Beyond Athens

Follow in the footsteps of the gods as you wind your way out of Athens and along ancient Roman roads in search of myths and legends.

Parthenon, Athens, Greece
  • Kaisariani Monastery

    4.8 km

    The monastery was built on the remains of a Roman sanctuary at the foot of Mount Hymettos in the 11th century. The interior of the church is adorned with murals from the 16th and 17th centuries that demonstrate the Cretan painting style and feature detailed depictions of religious iconography.

    Remember to dress appropriately when visiting this sacred place; shorts, miniskirts, and sleeveless or see-through shirts are considered disrespectful.

  • Lake Vouliagmeni

    19.3 km

    Stretch your legs and dip your toes into the healing mineral springs of Lake Vouliagmeni. A rare geophysical formation can be found in the center of its blue waters. The large cavern collapsed on itself following an earthquake, and from a short distance away, the rocky roof can be distinguished from the rest of the cliff face.
  • Eleusis

    24.1 km

    The legendary site of Eleusis is home to one of the most famous secret religious rites in ancient Greece. Cult members came together here to initiate themselves in the hopes of gaining rewards in the afterlife.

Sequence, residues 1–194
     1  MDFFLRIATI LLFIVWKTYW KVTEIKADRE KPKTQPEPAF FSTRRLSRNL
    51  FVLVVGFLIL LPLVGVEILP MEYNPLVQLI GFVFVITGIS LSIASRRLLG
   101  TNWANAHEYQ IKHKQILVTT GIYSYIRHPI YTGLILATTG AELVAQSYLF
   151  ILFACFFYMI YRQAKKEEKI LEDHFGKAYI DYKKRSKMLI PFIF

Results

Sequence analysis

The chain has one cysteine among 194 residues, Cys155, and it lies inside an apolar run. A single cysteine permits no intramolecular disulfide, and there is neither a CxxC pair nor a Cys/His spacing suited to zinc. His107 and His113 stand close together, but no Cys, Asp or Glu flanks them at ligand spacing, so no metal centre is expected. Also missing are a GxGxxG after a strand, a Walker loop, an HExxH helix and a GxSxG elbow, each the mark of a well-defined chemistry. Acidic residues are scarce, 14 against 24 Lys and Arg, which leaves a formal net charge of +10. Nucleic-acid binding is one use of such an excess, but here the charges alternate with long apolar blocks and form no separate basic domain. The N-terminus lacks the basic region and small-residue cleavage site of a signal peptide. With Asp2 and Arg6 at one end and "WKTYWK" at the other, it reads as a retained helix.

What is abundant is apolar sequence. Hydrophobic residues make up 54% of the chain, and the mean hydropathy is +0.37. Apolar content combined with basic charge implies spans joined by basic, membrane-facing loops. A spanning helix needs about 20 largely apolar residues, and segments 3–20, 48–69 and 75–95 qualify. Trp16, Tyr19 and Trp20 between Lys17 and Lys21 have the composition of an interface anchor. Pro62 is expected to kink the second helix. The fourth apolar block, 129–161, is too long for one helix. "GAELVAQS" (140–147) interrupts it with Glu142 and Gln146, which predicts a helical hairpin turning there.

Eleusis is in the town of Elefsina, now a major economic and business hub. It’s also the birthplace of Aeschylus, the ‘father of tragedy,’ whose works still are performed on stage.

  • Temple of Poseidon

    69.2 km

    Admire the view of the sun setting over the beautiful Aegean Sea from these ancient ruins. Completed in 440 B.C., it’s a wonder that any columns still stand. A keen eye might spot the name of Lord Byron etched into the base of one of the pillars.

    Explore the rest of Cape Sounion where Aegeus, king of Athens, supposedly leapt to his death, resulting in the water being named the Aegean Sea. End the day by indulging in genuine Greek cuisine.

  • Delphi

    177 km

    Back in 1400 B.C., Delphi was the most important and mysterious shrine in all of Greece. It was considered to be the center of the world and the navel of Gaia, Mother of the Earth. She is credited with birthing the universe, the Earth, titans and gods. People traveled on pilgrimages to get their questions about the future answered by Pythia, the priestess of Apollo.

    Though already popular, the town attracted more attention when it hosted games similar to those that had taken place around Olympia. Modern Delphi continues to draw tourists, with many enjoying its close proximity to the coast and nearby archaeological attractions.